For close to a decade, the International Livestock Research Institute (ILRI) and its partners in the public, private and non-profit sectors have been engaged in designing and implementing index-based livestock insurance (IBLI) to protect livestock keepers from drought related asset losses. Introduced in Ethiopia in 2012, the conversation on IBLI is gaining momentum with more stakeholders investing in efforts towards its delivery, as well as the provision of other related agricultural index insurance products.
The value of IBLI has been demonstrated, for instance, by record payouts to insured pastoralists in Borana during the 2017 droughts and by the increased coverage of projects around crop-based index insurance. Based on this, the time was deemed ripe to convene a structured, purposeful conversation around catalysing a sustainable scale of IBLI and agricultural index insurance in Ethiopia.
On 10 July 2018, ILRI’s IBLI team with support from the Technical Centre for Agricultural and Rural Cooperation ACP-EU (CTA) delivered a policy workshop, at the ILRI campus in Addis Ababa, that brought together key government policy and decision makers, researchers, private sector and development partners' representatives to share experiences on agricultural insurance. More specifically, the purpose of this policy dialogue was to outline a concrete process towards the effective widespread provision of index-based livestock insurance, and more broadly agriculture insurance in Ethiopia.
Prof. Fekadu Gebre, state minister, Ministry of Agriculture and Livestock Development in Ethiopia was present at the meeting. His presence at the policy dialogue spoke not only to the criticality of the discussion on livestock insurance, but also to the commitment of the Ethiopian government to identify effective strategies for helping livestock herders and farmers manage the risks of drought. In his address to the participants, he highlighted the government’s recognition that IBLI is targeting one of the critical limiting factors faced by pastoralists—drought-related livestock mortality. He also noted that insurance can allow government to proactively and more cost-efficiently respond to severe drought risks and stated that the conversation on micro insurance in Ethiopia is timely.
Various in-depth presentations from ILRI researchers, CTA, government and the private sector highlighted the extent of drought-related losses and the impact of such losses on pastoralists and their governments. Presentations and discussions also affirmed agricultural insurance and specifically livestock insurance, as an effective and cost-efficient tool for enhancing pastoralists’ resilience to drought. Participants delved into the specific experiences of the Index-based Livestock Insurance Program and strategic lessons related to supporting its sustainable scale. Experiences from the Kenya Livestock Insurance Program were presented as was the IBLI program in Ethiopia. As the policy dialogue was also aimed at capturing perspectives and identifying synergies for scale from a range of crop insurance pilots, representatives from the Oromia Insurance Company, Nyala Insurance, the Agricultural Transformation Agency and the United Nations World Food Programme also presented their lessons and experiences on weather index and micro insurance focusing on motivation, progress, trends and challenges of index-insurance in Ethiopia.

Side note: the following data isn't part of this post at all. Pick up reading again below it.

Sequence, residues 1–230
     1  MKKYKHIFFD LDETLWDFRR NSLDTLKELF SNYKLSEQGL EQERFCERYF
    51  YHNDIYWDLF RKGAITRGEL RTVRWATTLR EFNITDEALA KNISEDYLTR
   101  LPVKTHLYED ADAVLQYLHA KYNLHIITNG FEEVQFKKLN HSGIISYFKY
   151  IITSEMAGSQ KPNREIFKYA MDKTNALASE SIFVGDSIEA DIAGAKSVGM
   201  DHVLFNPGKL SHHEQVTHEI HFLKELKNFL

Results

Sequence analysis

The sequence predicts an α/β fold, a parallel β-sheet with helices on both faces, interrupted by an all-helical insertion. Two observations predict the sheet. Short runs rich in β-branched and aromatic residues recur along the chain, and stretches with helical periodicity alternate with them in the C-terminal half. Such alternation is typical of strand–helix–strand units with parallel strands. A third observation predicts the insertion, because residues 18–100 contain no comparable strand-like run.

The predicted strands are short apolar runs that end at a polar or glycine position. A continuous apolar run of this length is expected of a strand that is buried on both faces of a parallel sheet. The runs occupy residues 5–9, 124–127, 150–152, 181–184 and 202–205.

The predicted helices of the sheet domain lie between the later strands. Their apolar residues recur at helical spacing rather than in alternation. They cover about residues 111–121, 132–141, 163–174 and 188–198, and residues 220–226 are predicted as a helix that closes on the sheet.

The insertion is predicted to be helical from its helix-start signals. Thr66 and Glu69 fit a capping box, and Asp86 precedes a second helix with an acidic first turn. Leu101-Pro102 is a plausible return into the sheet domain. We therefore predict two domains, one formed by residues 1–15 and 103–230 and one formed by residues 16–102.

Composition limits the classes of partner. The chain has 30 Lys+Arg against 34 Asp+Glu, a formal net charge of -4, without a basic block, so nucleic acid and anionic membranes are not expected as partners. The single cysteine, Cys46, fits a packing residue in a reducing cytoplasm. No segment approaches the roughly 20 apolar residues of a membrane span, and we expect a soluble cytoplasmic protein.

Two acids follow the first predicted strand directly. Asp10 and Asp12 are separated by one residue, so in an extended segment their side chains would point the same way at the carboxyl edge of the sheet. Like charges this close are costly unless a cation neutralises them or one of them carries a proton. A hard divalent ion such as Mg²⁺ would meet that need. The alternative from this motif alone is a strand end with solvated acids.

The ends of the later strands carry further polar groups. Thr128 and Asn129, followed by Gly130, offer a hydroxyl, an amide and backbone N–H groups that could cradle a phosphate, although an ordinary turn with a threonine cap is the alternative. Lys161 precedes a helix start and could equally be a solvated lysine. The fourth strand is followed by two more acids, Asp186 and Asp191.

An expertly facilitated conversation ensured that participants engaged in productive and insightful conversations, uncovering critical issues for consideration around the value and challenges of scaling index-insurance in Ethiopia. Insights from the sessions emphasized the critical role of an enabling policy and regulatory environment in facilitating uptake of index insurance in Ethiopia. There was also agreement across the board that insurance needs to be bundled with other services such as micro-credit to increase uptake. The place of information and communication technology was also recognized as key in making insurance services available for smallholder producers and pastoralists. Leveraging technology was highlighted as a critical factor in minimizing the cost of delivering insurance products through; efficient beneficiary registration, digital sales services, insurance payouts (mobile money transfers), and information dissemination.
Panel discussions allowed participants to delve deeper into issues pertinent to the scaling up of index-based livestock insurance in Ethiopia and establishing a concrete way forward. Key recommendations to this effect were articulated, among them being the need to establish a process under an empowered authority to define specific needs, outline actions and coordinate efforts to establish a sustainable agricultural index insurance program in Ethiopia. The national government (Ministry of Agriculture and Livestock Development) was unanimously identified as best-placed to host such a process and offer leadership for the development and scaling up of crop and livestock insurance programs in the country. There was also firm commitment expressed by all partners including the government, CTA, ILRI, and private insurance companies to deploy efforts and resources to move the process of scaling up index insurance in Ethiopia forward.
It is envisioned that all stakeholders will now engage in concrete action to begin to implement the key recommendations reached, to continue to achieve impact for smallholder farmers and herders.
The workshop was sponsored by CTA through its Climate and Markets East Africa (C-LI-MARK) Program as part of CTA’s broader support to the sustainable scale of index-based livestock insurance initiatives in partnership with ILRI, the Oromia Insurance Company and Takaful Insurance of Africa.